GOV. HOGAN’S PRIORITY OF REPEALING LAW TO REVIEW TRANSPORTATION PROJECTS AN AFFRONT TO GOOD GOVERNMENT
For Immediate Release
Contacts: Dru Schmidt-Perkins, 1000 Friends of Maryland, 410-258-8601 (cell)
Brian O’Malley, CMTA, 410-332-1723, Ext. 122
ANNAPOLIS, Feb. 2, 2017 – Gov. Larry Hogan’s decision to make his top priority repealing a law to help guide the spending of transportation construction dollars is an affront to all Marylanders who care about transparency in government and best practices, say corporate and civic leaders.
The statute, known as the Maryland Open Transportation Investment Decision Act of 2016 (House Bill 1013), was enacted last year when the General Assembly overrode a veto by the governor.
“The governor is misrepresenting this law and ignoring evidence from other states that this process really works. It can ensure that Maryland moves forward with better transportation projects and in a more transparent way,” said Dru Schmidt-Perkins, the president of 1000 Friends of Maryland, a smart growth advocacy group.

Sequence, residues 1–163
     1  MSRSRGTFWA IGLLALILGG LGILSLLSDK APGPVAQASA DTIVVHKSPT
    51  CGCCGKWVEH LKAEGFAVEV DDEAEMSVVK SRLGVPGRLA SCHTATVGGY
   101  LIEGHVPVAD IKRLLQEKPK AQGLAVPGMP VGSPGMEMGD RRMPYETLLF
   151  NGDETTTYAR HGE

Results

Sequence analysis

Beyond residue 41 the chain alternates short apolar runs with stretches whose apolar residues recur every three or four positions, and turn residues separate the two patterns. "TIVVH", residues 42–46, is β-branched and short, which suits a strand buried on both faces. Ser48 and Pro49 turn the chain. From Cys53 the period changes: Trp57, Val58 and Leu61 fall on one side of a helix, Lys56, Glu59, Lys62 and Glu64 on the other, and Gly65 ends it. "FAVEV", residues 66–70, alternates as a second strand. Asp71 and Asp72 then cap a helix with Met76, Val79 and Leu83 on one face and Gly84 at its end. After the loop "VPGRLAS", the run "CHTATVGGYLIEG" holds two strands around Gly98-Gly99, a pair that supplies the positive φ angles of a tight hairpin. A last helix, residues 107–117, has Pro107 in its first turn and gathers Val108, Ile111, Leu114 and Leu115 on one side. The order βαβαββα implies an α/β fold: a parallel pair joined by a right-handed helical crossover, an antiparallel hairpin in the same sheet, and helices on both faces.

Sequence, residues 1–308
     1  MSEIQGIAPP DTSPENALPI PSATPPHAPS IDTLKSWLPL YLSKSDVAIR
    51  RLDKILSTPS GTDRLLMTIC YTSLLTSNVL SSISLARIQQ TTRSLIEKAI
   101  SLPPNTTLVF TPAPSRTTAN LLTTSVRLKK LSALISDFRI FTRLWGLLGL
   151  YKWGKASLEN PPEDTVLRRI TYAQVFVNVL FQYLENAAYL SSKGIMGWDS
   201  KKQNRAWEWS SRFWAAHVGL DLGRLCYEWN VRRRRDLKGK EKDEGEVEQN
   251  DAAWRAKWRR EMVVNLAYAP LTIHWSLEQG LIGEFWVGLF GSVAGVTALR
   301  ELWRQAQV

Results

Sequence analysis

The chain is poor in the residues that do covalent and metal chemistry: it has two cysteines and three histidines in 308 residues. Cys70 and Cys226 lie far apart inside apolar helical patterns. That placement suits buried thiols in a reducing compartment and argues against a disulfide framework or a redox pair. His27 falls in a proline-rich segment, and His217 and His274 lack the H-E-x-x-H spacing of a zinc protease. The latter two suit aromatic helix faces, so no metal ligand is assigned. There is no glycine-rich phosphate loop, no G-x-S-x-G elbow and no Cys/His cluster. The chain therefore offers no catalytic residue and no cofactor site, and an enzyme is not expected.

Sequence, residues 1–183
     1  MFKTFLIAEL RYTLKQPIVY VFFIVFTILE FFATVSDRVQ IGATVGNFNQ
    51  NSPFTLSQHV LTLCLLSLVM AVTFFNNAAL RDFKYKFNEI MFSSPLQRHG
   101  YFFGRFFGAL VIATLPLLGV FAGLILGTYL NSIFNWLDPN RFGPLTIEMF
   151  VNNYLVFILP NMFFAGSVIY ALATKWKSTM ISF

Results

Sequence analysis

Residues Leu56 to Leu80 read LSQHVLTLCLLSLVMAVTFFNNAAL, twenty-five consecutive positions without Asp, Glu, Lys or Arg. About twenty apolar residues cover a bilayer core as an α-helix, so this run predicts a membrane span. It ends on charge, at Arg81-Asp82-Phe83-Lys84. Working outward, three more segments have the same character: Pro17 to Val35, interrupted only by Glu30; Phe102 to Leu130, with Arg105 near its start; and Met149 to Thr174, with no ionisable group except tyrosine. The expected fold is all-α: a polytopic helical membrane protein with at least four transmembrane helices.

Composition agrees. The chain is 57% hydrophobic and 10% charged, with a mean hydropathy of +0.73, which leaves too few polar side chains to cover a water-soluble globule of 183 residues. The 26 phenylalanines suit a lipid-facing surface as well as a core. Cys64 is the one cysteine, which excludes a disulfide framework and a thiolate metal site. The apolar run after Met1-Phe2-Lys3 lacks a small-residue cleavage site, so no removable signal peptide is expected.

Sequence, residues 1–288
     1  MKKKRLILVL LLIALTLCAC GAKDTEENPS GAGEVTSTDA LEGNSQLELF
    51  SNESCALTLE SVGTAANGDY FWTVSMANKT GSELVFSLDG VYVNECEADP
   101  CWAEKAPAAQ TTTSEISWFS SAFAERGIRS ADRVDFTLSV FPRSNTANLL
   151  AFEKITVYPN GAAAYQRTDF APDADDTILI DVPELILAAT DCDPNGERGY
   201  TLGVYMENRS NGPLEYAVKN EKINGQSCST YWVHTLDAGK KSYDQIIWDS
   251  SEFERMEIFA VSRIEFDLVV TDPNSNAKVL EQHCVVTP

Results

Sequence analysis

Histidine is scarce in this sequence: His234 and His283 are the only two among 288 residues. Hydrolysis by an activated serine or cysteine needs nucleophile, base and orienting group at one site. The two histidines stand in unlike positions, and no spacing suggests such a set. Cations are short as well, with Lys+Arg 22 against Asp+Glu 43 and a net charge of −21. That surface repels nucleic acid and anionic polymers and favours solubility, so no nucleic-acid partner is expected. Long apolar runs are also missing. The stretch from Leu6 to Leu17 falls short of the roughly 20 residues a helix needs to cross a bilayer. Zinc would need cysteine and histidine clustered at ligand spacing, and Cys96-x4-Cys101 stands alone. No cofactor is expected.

The state of Maryland spends more than $2 billion every year on capital transportation projects. Historically, a governor could select projects for funding without regard to the state’s overall transportation goals. The 2016 law requires the Maryland Department of Transportation (MDOT) to develop a scoring system to rank and prioritize highway, bridge and public transit proposals. Supporters say the scoring system will make the state more accountable for how it spends its tax dollars by giving the public an understanding of Maryland’s greatest needs and overall priorities.
While providing MDOT with great latitude, the law requires the agency to develop a project scoring system using 23 different measures. The scoring process is modeled after a similar system in Virginia known as “Smart Scale,” which enjoys broad bipartisan support in that state. Other planning and scoring systems have been implemented in Missouri, North Carolina, Texas, Louisiana, Massachusetts, Washington and by the Federal Highway Administration, among others.
“Construction dollars are scarce so we all should want our dollars to flow to the projects that best achieve goals like connecting people to jobs,” observed Brian O’Malley, the president and CEO of the Central Maryland Transportation Alliance. “This law provides MDOT with the latitude to set up a scoring system that works. The agency has yet to do that, even though there are many examples of best practices from other states that could be applied here. And the law certainly does not require the cancelation of any pending projects.”